November 8, 2011, Tuesday morning in Tokyo, Japan’s Olympus Corporation disclosed that the company has been using purchase of Gyrus, a British medical equipment company and other series of acquisitions as a means to hide security investment losses for more than two decades. The announcement resulted to the plummeting of Olympus shares down to 29 percent, a 16-year low.
One of the Biggest Accounting Fraud Cases
The admittance that the company is using $1 billion merger payouts to cover years of losses in investments could make the case one of the biggest cases of accounting fraud in corporate history. Analysts and lawyers said that with Olympus’ revelation, the future of the company is not too bright with the likelihood of criminal charges and shareholders lawsuits against people involved and Olympus’ delisting from Tokyo Stock Exchange (TSE).
The Tuesday morning announcement sheds light to the saga that started even before former British CEO turned whistleblower Michael Woodford was fired on October 14. The company fired Mr. Woodford citing failure to understand Japanese culture and the company’s management style as reasons for the termination. Woodford said otherwise, stating that he was fired because he questioned the $687 million expenses paid for acquisition advice on the the $2 billion Gyrus deal in 2008, the biggest merger and acquisition fee in history. Aside from the Gyrus deal, he also questioned the expensive acquisitions of three small Japanese firms, whose value has been largely written off following the purchase.
After the announcement, Mr. Woodford called for resignation of the Olympus board, saying that the board and non-executive position is now “untenable”. He also expressed intention of returning to the company if the shareholders want to put him back in his former position.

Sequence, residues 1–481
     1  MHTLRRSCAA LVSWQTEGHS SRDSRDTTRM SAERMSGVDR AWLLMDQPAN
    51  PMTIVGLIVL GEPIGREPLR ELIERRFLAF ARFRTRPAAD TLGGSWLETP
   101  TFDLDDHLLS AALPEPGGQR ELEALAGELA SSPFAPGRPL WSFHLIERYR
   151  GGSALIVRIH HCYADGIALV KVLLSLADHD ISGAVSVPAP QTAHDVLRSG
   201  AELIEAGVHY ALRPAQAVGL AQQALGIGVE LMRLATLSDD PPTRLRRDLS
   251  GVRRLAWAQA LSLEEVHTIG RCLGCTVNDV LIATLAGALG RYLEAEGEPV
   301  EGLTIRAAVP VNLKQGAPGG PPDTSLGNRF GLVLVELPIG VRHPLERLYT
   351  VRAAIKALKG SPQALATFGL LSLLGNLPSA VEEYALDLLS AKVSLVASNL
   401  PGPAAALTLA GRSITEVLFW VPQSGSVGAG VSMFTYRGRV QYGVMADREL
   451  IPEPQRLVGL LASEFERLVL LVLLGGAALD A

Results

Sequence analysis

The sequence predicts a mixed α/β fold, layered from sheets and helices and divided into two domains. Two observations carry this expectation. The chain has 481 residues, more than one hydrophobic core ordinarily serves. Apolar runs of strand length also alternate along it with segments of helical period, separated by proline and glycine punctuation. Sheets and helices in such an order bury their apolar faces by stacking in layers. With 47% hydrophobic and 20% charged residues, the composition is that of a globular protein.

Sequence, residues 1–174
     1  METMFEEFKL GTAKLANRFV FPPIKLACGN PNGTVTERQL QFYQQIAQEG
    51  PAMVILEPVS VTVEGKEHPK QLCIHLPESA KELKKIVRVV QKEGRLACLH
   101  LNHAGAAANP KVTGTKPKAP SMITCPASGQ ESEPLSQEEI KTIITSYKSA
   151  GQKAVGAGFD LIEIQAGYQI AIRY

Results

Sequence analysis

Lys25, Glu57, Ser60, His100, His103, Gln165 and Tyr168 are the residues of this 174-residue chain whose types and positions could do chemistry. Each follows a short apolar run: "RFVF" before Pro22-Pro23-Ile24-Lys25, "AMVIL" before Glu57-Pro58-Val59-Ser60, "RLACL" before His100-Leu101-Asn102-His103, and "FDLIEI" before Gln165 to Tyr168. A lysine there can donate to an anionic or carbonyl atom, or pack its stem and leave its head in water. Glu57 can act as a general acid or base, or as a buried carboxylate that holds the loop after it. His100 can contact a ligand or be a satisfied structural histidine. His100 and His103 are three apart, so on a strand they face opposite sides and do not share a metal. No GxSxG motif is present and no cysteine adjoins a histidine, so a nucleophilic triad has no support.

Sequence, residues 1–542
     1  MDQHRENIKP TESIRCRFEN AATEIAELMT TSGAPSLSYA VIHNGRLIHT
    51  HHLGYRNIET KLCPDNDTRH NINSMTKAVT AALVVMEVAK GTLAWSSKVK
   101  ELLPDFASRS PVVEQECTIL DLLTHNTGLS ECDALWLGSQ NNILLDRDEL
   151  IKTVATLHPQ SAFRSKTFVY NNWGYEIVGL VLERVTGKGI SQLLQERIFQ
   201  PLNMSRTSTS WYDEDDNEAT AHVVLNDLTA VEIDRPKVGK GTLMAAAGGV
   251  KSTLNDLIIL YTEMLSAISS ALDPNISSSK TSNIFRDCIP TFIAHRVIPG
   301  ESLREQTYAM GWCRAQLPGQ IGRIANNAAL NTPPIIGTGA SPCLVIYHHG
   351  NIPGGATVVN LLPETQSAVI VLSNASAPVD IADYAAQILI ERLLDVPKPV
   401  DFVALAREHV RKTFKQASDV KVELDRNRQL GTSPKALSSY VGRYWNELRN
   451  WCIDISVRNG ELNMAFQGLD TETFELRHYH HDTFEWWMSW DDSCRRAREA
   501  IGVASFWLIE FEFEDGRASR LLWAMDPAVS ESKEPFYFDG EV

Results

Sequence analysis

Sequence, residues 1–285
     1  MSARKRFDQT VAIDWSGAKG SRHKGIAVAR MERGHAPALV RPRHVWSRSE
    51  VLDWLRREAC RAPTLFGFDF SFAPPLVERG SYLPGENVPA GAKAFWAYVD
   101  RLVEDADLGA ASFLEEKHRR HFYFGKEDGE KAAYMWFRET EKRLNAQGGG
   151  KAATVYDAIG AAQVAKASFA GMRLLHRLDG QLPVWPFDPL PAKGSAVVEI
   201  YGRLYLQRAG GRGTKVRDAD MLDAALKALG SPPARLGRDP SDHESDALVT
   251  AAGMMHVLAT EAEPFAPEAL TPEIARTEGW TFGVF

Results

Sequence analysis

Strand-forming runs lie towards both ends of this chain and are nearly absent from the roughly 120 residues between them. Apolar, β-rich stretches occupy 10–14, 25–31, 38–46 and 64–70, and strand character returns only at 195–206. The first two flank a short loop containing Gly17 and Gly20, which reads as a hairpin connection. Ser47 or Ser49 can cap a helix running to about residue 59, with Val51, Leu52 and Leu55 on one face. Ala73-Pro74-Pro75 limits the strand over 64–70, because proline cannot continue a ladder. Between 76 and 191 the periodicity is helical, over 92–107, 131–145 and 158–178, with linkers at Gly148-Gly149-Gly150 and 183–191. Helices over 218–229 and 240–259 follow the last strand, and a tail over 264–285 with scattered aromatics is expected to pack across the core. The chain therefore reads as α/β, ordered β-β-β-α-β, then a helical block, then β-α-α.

Mr. Woodford was not the first one to be let go in relation to the shady deals. In May of 2009, Tsuyoshi Kikukawa, the company’s former president made an announcement that they are ending the contract with global accounting firm KPMG and that Ernst & Young will take over. In a confidential letter sent to Olympus executives based in United States and Europe, the former president cited disagreement with auditors of KPMG. Twelve days after Mr. Woodford’s termination, Mr. Kikukawa resigned to placate upset shareholders, and Shuichi Takayama took over the vacated position.
A Case of Flawed Leadership
Mr. Takayama cited Former President and Chairman Tsuyoshi Kikukawa, Vice President Hisahi Mori and Internal Auditor Hideo Yamada as some of the executives responsible for the cover-up and that the company is considering criminal complaints against them. He is unable to disclose the exact magnitude of losses or other details related to it, since all the data have already been sent to an independent panel.
Biggest non-Japanese Olympus shareholder Josh Shores of Southeastern Asset Management demanded replacement of the entire Olympus board. According to Mr. Shores, ignorance is not a defense, and every board member should leave. Board members who were there and not aware of what has happened were incompetent, and those who were there and aware of it and have not raised questions are negligent.
Possible Criminal Charges
Olympus’ representatives could potentially face a maximum of 10 years in prison or up to 10 million yen in fine if they were proven to knowingly falsify consolidated financial statements considered material in nature. There is also a possibility for external auditors to be held responsible as well. Authorities from the Tokyo Stock Exchange, Federal Bureau of Investigation and Security and Exchange Commission are now investigating the case.
Kimberly is a researcher, writer, business woman, and contributor at entrepreneurweek.com blog network. She may be reached at email@example.com.
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